Big future for ‘mega trucks’ predicted

Report says mega trucks on the up

A significant increase in the sale of and use of ‘mega trucks’, or road trains as we call them, is being predicted in a new study of trucking industry trends.

The Global Mega Trucks Market Forecast to 2025 was completed by research firm, Frost & Sullivan.

It says global sales penetration of mega trucks, i.e. multi combination capable prime movers, is expected to increase from 3.4% to 5.7% for all total heavy-duty truck sales from 2016 to 2025.

Sales of the higher capacity trucks are expected to grow by just over 10% per year, including here in Australia.

The report says mega trucks can help ease traffic congestion, reduce emissions, cost per tonne, and help meet the growing freight demand.

But it isn’t all good news for proponents of bigger trucks.

The reports highlights that there are significant obstacles to overcome, primarily safety concerns.

The impact on infrastructure and the environment are also seen as possible stumbling blocks.

But Frost & Sullivan Mobility Research Analyst, Marshall Martin, says technology could play a big part in overcoming these issues.

“Digital transformation and autonomous trucking will play an important role in expediting the adoption of mega trucks through better connectivity and safety features.

“With bigger engines and higher payload capacities, mega trucks are expected to incorporate more value features, especially in developing markets.”

The report found Australia leads the current use of mega trucks, while countries like the U.S. are moving closer to expanded utilization.

But would less trucks, carrying larger loads, be bad news for truck manufacturers? Mr Martin says it would.

“A proliferation of mega trucks, where on average two mega trucks would replace three normal-sized trucks, would have a negative impact on the sales of trucks, thereby affecting manufacturer revenues.”

But there are still opportunities for the manufacturers, according to Mr Martin.

“These companies should look toward creating alternate sources of revenue through investing in or acquiring companies present in the safety, light-weighting, telematics, and mobile-based freight aggregation fields.”

Got an opinion? Let us know what you think about ‘mega trucks’/road trains in the comments section below.

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About Simon Lai 1267 Articles
Simon is a writer and sometime contributor to the podcast. He also takes care of video production and product reviews. He met Joel through radio school and has worked with him on other ventures, reading news, producing and presenting radio content for regional networks. Simon doesn’t profess to be a car nut but enjoys driving first and foremost and has a penchant for hot hatches. He helps to provide the everyday-man perspective.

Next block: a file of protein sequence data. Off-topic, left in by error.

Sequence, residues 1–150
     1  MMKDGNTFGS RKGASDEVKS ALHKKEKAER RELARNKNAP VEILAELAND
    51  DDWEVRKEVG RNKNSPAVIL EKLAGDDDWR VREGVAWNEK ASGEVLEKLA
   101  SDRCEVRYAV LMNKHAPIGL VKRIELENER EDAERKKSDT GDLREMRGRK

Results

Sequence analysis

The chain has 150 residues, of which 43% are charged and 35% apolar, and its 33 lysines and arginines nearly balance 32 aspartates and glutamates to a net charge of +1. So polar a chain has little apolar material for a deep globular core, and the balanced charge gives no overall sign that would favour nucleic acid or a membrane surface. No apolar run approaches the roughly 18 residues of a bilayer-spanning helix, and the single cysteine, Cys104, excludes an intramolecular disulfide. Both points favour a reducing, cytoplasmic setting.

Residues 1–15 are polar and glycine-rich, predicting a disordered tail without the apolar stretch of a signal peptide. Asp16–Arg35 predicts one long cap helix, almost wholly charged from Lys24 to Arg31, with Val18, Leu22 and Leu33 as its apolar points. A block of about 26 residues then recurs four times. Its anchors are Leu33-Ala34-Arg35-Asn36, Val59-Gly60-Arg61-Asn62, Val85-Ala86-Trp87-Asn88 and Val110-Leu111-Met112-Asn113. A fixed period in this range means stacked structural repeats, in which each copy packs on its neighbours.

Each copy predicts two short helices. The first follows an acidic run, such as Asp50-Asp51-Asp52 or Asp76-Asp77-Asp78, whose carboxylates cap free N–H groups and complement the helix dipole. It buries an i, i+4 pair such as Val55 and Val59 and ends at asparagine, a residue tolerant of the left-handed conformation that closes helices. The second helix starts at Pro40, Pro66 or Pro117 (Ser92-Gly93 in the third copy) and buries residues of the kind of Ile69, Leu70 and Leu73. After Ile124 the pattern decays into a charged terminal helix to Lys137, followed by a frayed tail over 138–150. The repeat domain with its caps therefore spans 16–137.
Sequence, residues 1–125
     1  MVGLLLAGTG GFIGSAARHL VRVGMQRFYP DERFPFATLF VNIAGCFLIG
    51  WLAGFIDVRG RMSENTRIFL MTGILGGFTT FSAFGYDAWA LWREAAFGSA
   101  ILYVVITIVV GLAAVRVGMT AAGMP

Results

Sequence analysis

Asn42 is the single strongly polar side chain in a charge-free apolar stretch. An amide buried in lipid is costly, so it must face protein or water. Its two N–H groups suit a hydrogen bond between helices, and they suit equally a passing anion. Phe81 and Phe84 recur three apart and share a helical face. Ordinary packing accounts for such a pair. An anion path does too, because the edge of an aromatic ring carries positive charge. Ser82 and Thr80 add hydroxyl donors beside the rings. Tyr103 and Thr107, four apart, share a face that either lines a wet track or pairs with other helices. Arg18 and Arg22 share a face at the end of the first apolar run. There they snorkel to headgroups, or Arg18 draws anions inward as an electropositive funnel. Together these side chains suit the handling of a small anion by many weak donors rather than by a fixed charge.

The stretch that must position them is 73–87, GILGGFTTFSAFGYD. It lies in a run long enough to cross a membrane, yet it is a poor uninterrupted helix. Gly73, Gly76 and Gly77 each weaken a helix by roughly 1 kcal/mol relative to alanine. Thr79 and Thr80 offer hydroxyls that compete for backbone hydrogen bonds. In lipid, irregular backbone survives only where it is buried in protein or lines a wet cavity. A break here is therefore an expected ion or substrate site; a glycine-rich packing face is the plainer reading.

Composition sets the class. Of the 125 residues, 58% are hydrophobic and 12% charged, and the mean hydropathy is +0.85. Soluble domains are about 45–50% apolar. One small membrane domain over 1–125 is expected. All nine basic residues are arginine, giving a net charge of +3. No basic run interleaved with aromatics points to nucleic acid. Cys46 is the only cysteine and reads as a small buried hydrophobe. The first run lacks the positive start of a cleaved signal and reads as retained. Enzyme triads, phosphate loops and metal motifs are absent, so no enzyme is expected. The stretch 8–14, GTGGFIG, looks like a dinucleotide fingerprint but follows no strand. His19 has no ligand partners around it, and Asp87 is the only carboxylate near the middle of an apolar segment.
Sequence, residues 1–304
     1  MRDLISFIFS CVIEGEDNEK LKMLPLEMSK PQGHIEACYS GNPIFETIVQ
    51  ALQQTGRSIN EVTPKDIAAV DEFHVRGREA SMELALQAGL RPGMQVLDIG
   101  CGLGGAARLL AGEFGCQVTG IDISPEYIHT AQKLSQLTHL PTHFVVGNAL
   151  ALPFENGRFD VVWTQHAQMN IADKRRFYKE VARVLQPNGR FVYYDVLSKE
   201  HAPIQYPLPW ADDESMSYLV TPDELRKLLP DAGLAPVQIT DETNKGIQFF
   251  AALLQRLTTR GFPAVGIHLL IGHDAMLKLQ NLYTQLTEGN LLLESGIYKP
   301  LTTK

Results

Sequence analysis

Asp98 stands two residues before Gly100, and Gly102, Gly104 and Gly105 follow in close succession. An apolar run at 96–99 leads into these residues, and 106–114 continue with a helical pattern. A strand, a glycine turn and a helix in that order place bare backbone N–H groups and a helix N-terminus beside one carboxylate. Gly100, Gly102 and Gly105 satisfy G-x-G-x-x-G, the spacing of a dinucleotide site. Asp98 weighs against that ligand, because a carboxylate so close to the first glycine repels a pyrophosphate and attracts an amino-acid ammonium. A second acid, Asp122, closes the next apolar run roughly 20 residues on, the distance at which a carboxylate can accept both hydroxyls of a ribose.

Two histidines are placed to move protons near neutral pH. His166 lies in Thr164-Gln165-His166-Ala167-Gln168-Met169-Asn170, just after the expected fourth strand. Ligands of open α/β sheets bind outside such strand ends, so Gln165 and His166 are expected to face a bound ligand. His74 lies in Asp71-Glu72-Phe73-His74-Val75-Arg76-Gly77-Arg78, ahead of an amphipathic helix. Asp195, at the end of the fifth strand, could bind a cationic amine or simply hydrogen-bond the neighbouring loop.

2 Comments on Big future for ‘mega trucks’ predicted

  1. Australia has the largest road registered truck combinations in the world. Part of that is the simple efficiency of a roadtrain in the out back and in Australia where we have a large country with widely spaced major population centres.

    B-doubles have long ago overtaken the traditional semi-trailer as the mainstay of the Australian transport fleet and whilst it has decreased the number of trucks and drivers needed to haul a given amount of freight, it has also improved productivity and our ability to both compete on world markets and to keep freight costs down. Technology has advanced and new trucks have many of the safety features in cars and they help all to be safer on the road. We are generally still only allowed the same weight per axle groups, but with more axles or groups, we can carry more freight, yet it sometimes seems the roads are still often built down to a cost instead of up to a standard and the repairs sometimes barely last, so better roads and repairs will mean less deaths on them as well.

    The biggest issue I see and it does not matter where in Australia you travel, is that we do not teach young drivers to share the road with these vehicles. In a crash between a car and a truck, obviously the smaller vehicle will take the biggest impact, yet with the vast majority of car/truck fatal crashes being the fault of the car driver and yes this is fact, why are w not teaching young drivers about sharing the road with trucks? Rod Hannifey

    • Nice to hear from you Rod, happy to look at publishing articles from you in regards to driver training, truck safety etc.

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